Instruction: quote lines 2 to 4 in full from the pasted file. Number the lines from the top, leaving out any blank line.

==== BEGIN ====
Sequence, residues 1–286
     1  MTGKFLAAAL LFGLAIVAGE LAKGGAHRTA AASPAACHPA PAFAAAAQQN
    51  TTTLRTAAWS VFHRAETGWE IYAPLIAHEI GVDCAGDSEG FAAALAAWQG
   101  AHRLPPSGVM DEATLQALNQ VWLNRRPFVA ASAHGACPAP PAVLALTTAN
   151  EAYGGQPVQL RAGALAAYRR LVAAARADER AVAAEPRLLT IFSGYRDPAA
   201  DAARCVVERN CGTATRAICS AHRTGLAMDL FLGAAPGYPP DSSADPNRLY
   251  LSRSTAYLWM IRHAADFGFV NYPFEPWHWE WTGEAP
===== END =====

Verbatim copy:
     1  MTGKFLAAAL LFGLAIVAGE LAKGGAHRTA AASPAACHPA PAFAAAAQQN
    51  TTTLRTAAWS VFHRAETGWE IYAPLIAHEI GVDCAGDSEG FAAALAAWQG
   101  AHRLPPSGVM DEATLQALNQ VWLNRRPFVA ASAHGACPAP PAVLALTTAN